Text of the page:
weight and balance - again

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Richard Roller
Posts: 58
Joined: Mon May 22, 2017 11:14 am
Location: Olathe, Ks.

weight and balance - again

Post by Richard Roller »

There has been an interest the last few years on the Air Camper’s weight and balance. Also it appears to me that operating behind the aft c.g. is not being taken seriously enough.

After reading and commenting on a recent post on different engine weights I thought I’d post some more information on Ken Perkin’s Piet, N34KP.
When initially finished Ken’s Piet was tail heavy. I witnessed an unintentional flight one day while Ken was doing taxi tests and getting some time on his engine. While running down the runway, tail on the ground, a gust of wind hit the Piet and it came off the ground in a nose high attitude and proceeded to zoom to an angle of about 30°. Ken had full forward stick and could not get the nose down. He wallowed around for a hundred feet or so, just off the ground in ground effect and by nursing the throttle he got it back on the ground in one piece. That scared both of us badly (obviously Ken more so), so we decided to was time for a weight and balance check.

We decided to weigh the Piet with electronic scales. The aircraft was built to the short fuselage plans with a Ford Model A engine, also modified to the plans. The engine has an aluminum head, water pump on the back of the head, a slick 4000 series mag driving off the crank and an Ole Fahlin 76x44 prop.

The aircraft was levelled in a closed hanger in the flight attitude with full oil and water. The fuel tank was drained to residual fuel and then the aircraft attitude was rechecked for level. Measurements were taken with the forward side of the lower firewall as datum. The initial weight and balance was taken in this configuration, then adding fuel, then with the pilot and then with co-pilot and no pilot. This was done to establish the actual c.g. of the pilot, co-pilot and fuel.

Initial figures were:
Item quantity wt. total wt. c.g. moments
Left main 1 328.00 328.00 16.75 5494.00
Rt. Main 1 313.00 313.00 16.75 5242.75
Tail 1 17.00 17.00 158.5 2694.50
Totals: 658.00 20.41 13,431.25
C.G. aft of the leading edge: 12.91.

Adding fuel and pilot (Ken’s weight at that time) for the worst case aft c.g. check.
Item quantity wt. total wt. c.g. moments
Fuel 12.5 6.00 75.00 29.98 2248.50
Pilot 1 236.00 236.00 60.32 14235.52
Totals: 969.00 30.87 29915.27
C.G. aft of the leading edge: 23.37.

3.37” aft of the recommended aft c.g.. Apparently too far aft since Ken couldn’t get the nose down. Now substituting the FAA “standard” 170 lb. pilot.

Item quantity wt. total wt. c.g. moments
Pilot 1 170.00 170.00 60.32 10,254.40
Totals: 903.00 28.72 25,934.15
C.G. aft of the leading edge: 21.22.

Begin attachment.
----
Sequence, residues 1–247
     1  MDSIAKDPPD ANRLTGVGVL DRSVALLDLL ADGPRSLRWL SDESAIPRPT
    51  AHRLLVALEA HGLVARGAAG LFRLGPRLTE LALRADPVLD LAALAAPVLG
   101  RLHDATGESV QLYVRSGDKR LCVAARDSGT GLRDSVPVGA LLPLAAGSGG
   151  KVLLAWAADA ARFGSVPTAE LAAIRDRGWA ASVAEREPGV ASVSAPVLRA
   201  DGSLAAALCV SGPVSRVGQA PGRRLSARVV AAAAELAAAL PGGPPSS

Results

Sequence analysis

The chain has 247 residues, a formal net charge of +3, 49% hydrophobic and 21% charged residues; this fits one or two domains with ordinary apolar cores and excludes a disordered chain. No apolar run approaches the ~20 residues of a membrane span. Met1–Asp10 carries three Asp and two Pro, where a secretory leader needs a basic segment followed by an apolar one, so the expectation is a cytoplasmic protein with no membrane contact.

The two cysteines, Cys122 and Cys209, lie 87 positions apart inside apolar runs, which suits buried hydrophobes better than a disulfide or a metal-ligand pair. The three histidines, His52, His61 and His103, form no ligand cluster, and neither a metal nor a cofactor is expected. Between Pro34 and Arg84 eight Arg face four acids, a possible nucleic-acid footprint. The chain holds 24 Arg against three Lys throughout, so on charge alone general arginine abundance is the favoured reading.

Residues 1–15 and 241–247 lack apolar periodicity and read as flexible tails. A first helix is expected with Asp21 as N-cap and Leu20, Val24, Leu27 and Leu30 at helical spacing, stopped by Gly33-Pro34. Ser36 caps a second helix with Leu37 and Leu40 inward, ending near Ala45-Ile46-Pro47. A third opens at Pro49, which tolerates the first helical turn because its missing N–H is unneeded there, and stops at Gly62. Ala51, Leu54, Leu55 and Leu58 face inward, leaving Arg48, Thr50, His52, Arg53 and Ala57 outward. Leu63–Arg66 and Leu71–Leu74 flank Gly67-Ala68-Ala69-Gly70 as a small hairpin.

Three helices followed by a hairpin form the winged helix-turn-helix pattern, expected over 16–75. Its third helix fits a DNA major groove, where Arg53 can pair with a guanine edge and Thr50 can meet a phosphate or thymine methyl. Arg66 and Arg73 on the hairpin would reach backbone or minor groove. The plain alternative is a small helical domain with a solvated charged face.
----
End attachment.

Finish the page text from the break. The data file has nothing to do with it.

Still 1.22” aft of the recommended aft c.g..

After removing the engine it was found it’s weight, with oil, water and propeller, was 256.3 lbs.. We decided to move the engine 7” forward. Moving the engine, rebuilding the mount and cowling to match the new location added 9.00 lbs. to empty weight.

Item quantity wt. total wt. c.g. moments
Engine -1 256.30 -256.30 -11.88 3044.84
Engine 1 256.3 256.3 -18.88 -4838.94
Mount/cowl 1 9.00 9.00 -18.88 -169.92
Totals: 667.00 17.19 11,467.23

C.G. aft of the leading edge: 9.69.

Now adding fuel and Ken (who had lost down to 200.00 lbs. by this time.) we get the following.
Item quantity wt. total wt. c.g. moments
Fuel 12.5 6.00 75.00 29.98 2248.50
Pilot 1 200.00 200.00 60.32 12,064.00
Totals: 942.00 27.37 25,779.73

C.G. aft of the leading edge: 19.87.

With a 200.00 lb. passenger.
Item quantity wt. total wt. c.g. moments
Co-pilot 1 200.00 200.00 23.00 4600.00
Totals: 1142.00 26.60 30,379.73

C.G. aft of the leading edge: 19.10.

Ken uses a gross wt. of 1150 lbs. and the aircraft climbs nicely (for a Piet) at this weight. With Ken and fuel at 19.87” aft of the leading edge the aircraft flies hands off in pitch at cruise. It needs a little back stick for a lighter pilot.

I’m not trying to tell anyone where to put their aft c.g. limits. I’m putting this out to share the experiences of Ken and I with his Piet. I’m just saying everyone should be aware of the c.g. limit recommendations and give them due consideration.

One more thing. The last engine Ken put in his Piet is a Ford model A with a gleaner/combine block. The block adds 7.00 lbs. to the engine weight. That move his empty weight c.g. forward another .38 inches.

I'll be checking in from time to time for comments and questions. I apologize for the weight and balance tables, when I submitted the file everything was condensed.
Last edited by Richard Roller on Fri Sep 13, 2019 8:39 am, edited 1 time in total.

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Re: weight and balance - again

Post by taildrags »

Richard; excellent information, and a lot of it. You and Ken obviously did the W&B the right way and did it carefully. No guessing about where the pilot's belly button is or any of those other approximations. Like they say, if you do it right the first time, there will not need to be a second time. The distances of pilot, passenger, and fuel from datum will not change for the rest of the airplane's life unless something gets rebuilt drastically. Weighing the engine with accessories was not something a lot of builders would do either, so your detailed description of the engine and its weight is very useful information for other builders.

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